Sweating is part of being human. Whether it’s your body’s response to hot temperatures, vigorous physical activity, or nerves, sweating serves a physiological purpose. It helps regulate your body temperature in hot conditions, keeps skin hydrated, and maintains your electrolyte/fluid balance. When you start sweating in response to stressful situations, it’s because your stress levels cause a rise in body temperature, leading to the activation of the sweat glands.
However, sometimes sweating occurs out of proportion to the stimuli. When you routinely soak your clothes in sweat when you aren’t hot, exercising, or stressed, it could be a sign of hyperhidrosis.
What is hyperhidrosis?
Excessive sweating falls into two categories: primary hyperhidrosis and secondary hyperhidrosis.
Primary hyperhidrosis is excessive sweating that has no identifiable medical reason and when there are no contributing environmental factors.
Secondary hyperhidrosis is excessive sweating that is a symptom of an underlying medical issue. For example, people experiencing menopausal hot flashes will begin to sweat heavily even if the external temperature is relatively cool. Medical disorders that can cause secondary hyperhidrosis include:
- Disorders of the central nervous system
- Heart attack
- Low blood sugar
It’s critically important to undergo a screening for the above conditions if you are experiencing heavier-than-normal sweating. Addressing the contributing medical condition will likely resolve the sweating.
What are the symptoms of hyperhidrosis?
While hyperhidrosis is the clinical term for excessive sweating, what one person considers excessive might not be bothersome or even noticeable in another. Essentially, if sweating has caused you emotional discomfort or even to avoid social situations, you might be suffering from hyperhidrosis.
Excessive sweating caused by hyperhidrosis typically occurs on the face, armpits, palms of the hands, and the soles of the feet.
Who is affected by hyperhidrosis?
Hyperhidrosis occurs in approximately 5% of the population. It is believed to have a genetic component, as the condition commonly occurs in families. Hyperhidrosis typically affects younger people between the ages of 18 and 40.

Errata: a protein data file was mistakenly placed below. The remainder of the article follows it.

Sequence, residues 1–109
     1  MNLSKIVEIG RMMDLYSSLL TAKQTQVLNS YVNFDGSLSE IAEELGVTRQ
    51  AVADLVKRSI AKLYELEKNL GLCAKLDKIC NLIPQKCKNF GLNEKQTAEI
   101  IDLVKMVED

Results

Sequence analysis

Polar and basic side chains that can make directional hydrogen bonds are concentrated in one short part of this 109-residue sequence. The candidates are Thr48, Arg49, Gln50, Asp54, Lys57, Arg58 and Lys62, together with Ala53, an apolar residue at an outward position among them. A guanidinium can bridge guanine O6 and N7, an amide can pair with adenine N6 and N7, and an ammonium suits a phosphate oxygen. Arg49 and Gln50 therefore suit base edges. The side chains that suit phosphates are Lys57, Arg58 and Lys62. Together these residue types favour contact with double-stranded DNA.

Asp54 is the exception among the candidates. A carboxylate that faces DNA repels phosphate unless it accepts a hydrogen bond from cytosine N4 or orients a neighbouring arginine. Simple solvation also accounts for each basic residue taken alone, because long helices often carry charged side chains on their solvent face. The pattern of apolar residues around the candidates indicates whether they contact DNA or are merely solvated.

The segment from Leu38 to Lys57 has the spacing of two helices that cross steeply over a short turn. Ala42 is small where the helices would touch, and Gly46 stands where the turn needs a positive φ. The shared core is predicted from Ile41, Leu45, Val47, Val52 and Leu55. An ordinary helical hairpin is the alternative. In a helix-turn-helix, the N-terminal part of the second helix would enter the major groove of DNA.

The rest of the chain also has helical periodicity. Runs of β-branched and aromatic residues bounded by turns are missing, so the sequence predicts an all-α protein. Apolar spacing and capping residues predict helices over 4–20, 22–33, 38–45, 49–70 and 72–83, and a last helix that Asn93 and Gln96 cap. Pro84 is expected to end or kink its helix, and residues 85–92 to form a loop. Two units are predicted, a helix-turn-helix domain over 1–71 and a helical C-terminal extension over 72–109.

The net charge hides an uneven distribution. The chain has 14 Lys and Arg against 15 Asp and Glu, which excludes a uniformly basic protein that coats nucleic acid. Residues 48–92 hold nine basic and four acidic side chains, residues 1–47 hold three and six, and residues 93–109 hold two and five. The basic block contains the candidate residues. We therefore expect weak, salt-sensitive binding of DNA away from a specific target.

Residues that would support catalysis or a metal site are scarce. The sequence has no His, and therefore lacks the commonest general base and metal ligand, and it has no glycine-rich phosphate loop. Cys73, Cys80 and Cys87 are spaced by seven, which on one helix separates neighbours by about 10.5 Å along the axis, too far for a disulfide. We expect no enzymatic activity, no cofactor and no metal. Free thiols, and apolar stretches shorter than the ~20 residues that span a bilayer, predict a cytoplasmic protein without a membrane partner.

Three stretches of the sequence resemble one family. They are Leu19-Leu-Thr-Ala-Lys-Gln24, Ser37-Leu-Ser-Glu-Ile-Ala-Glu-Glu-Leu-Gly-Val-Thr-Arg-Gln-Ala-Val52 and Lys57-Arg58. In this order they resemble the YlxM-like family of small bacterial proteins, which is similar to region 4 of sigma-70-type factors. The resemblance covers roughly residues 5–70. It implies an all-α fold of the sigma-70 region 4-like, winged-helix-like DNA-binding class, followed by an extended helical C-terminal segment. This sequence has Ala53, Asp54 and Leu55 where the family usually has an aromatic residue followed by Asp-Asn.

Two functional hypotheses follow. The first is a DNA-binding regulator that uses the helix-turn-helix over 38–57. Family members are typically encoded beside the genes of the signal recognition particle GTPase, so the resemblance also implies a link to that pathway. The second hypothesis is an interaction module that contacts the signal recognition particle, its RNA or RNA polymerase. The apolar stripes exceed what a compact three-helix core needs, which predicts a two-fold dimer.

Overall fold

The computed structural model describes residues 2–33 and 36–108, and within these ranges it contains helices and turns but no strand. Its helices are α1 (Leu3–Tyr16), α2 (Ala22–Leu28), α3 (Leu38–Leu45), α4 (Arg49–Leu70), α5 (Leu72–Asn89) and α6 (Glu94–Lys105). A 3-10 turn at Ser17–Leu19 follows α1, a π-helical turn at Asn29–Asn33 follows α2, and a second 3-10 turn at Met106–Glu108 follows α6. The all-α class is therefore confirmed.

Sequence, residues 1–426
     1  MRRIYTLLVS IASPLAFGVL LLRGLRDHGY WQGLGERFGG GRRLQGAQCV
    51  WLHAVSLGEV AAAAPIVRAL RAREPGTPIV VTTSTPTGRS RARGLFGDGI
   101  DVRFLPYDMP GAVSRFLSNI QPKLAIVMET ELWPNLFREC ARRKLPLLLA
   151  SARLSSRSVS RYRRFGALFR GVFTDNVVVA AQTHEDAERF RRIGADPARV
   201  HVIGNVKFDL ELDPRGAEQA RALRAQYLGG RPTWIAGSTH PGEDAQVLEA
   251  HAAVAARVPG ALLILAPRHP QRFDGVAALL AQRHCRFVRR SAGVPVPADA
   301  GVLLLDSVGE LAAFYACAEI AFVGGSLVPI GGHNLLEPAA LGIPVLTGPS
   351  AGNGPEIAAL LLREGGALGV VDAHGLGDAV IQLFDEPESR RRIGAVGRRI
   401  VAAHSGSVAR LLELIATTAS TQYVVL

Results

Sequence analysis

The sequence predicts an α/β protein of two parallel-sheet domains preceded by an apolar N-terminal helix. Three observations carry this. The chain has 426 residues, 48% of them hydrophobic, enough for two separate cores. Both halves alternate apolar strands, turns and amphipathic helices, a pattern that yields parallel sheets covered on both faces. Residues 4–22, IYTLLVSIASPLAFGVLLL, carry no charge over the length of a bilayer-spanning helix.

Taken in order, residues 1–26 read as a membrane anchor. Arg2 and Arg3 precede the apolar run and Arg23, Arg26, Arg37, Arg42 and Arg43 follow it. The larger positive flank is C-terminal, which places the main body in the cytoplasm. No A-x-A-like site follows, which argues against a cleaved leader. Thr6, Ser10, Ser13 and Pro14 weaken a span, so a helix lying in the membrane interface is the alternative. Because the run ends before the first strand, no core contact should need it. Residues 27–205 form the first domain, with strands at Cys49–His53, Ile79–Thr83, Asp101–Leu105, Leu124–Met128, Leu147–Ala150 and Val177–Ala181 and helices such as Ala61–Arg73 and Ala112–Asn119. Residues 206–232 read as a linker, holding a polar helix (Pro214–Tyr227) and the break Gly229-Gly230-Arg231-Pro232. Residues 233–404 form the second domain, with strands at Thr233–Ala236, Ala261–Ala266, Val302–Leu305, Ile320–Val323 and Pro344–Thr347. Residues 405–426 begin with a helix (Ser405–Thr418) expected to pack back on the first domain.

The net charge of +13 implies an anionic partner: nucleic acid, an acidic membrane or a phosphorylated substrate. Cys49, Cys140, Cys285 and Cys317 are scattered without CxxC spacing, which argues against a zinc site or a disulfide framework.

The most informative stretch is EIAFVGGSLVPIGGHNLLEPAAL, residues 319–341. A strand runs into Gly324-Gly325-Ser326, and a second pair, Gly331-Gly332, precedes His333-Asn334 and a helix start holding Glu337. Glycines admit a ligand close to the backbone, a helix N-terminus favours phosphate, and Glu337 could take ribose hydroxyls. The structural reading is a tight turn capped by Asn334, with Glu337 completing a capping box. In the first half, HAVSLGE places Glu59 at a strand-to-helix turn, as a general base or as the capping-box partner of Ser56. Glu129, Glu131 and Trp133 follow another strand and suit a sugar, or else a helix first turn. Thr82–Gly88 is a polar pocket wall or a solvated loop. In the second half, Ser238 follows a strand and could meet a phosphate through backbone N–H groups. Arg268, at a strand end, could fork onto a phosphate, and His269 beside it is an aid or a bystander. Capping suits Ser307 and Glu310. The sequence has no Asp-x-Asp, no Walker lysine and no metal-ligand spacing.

If underlying medical conditions have been ruled out and primary hyperhidrosis has been established, there are several treatment options you can explore.
How can a dermatologist treat hyperhidrosis?
It is extremely important to undergo a comprehensive evaluation to ensure no unaddressed medical issues are causing your excessive perspiration. Once it has been established that there is no medical cause, you can choose from a menu of treatment options.
Your treatment options can vary depending upon the severity of the condition, as well as the location of the sweat (armpits, hands, feet, or face). While there are surgical interventions that might be appropriate in certain severe cases (sweat gland removal, for example), most people respond well to non-invasive or minimally invasive solutions. These include:
- Topical prescription-strength antiperspirants. In mild-to-moderate cases, prescription antiperspirants with aluminum chloride might be recommended. This option is a relatively cost-effective solution for people whose perspiration occurs in their armpits or feet.
- Oral medications. Certain medications can successfully address hyperhidrosis, such as prescription antidepressants and nerve-blocking medications.
- Botox. Targeted Botox (botulinum toxin) injections can effectively inhibit the nerve signals that cause sweat glands to activate. This treatment can last up to one year, and it is FDA -approved for underarm sweating.
- Iontophoresis. This treatment uses an electrical current to temporarily paralyze your sweat glands; it is especially effective for people who sweat heavily from the hands and feet.
- MiraDry. MiraDry is a non-invasive treatment that permanently destroys your sweat glands. If you struggle with severe underarm perspiration, you might opt for this in-office treatment that eliminates the sweat glands using applications of thermal energy. This intervention can reduce perspiration (and odor) by more than 80% in 12 months.
The optimal treatment for your hyperhidrosis will depend upon the severity of the condition and the location of the aggressive perspiration. At West Dermatology, our board-certified dermatologists will help you determine the best course of treatment for your individual needs.